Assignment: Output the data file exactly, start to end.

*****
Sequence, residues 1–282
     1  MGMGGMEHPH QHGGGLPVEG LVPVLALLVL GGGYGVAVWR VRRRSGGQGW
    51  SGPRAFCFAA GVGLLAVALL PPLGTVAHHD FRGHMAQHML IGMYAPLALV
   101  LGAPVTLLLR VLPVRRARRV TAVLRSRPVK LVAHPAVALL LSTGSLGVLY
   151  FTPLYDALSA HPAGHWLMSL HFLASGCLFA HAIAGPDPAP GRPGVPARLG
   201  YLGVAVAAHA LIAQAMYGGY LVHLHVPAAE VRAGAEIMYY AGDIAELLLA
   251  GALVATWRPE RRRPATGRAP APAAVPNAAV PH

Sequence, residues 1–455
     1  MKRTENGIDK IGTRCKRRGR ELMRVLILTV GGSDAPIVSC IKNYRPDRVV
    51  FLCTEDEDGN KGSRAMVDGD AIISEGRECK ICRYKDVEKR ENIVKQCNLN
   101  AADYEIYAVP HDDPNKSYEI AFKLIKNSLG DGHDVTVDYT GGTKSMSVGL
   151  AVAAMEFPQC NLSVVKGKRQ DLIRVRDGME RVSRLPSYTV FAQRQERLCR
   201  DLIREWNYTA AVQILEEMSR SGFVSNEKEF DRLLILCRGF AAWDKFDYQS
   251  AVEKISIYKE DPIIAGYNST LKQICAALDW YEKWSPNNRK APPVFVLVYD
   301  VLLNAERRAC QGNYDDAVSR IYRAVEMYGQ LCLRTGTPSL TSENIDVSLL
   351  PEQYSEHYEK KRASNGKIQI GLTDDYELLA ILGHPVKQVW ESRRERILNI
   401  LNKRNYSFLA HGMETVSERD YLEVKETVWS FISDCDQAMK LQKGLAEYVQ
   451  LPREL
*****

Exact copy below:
Sequence, residues 1–282
     1  MGMGGMEHPH QHGGGLPVEG LVPVLALLVL GGGYGVAVWR VRRRSGGQGW
    51  SGPRAFCFAA GVGLLAVALL PPLGTVAHHD FRGHMAQHML IGMYAPLALV
   101  LGAPVTLLLR VLPVRRARRV TAVLRSRPVK LVAHPAVALL LSTGSLGVLY
   151  FTPLYDALSA HPAGHWLMSL HFLASGCLFA HAIAGPDPAP GRPGVPARLG
   201  YLGVAVAAHA LIAQAMYGGY LVHLHVPAAE VRAGAEIMYY AGDIAELLLA
   251  GALVATWRPE RRRPATGRAP APAAVPNAAV PH

Sequence, residues 1–455
     1  MKRTENGIDK IGTRCKRRGR ELMRVLILTV GGSDAPIVSC IKNYRPDRVV
    51  FLCTEDEDGN KGSRAMVDGD AIISEGRECK ICRYKDVEKR ENIVKQCNLN
   101  AADYEIYAVP HDDPNKSYEI AFKLIKNSLG DGHDVTVDYT GGTKSMSVGL
   151  AVAAMEFPQC NLSVVKGKRQ DLIRVRDGME RVSRLPSYTV FAQRQERLCR
   201  DLIREWNYTA AVQILEEMSR SGFVSNEKEF DRLLILCRGF AAWDKFDYQS
   251  AVEKISIYKE DPIIAGYNST LKQICAALDW YEKWSPNNRK APPVFVLVYD
   301  VLLNAERRAC QGNYDDAVSR IYRAVEMYGQ LCLRTGTPSL TSENIDVSLL
   351  PEQYSEHYEK KRASNGKIQI GLTDDYELLA ILGHPVKQVW ESRRERILNI
   401  LNKRNYSFLA HGMETVSERD YLEVKETVWS FISDCDQAMK LQKGLAEYVQ
   451  LPREL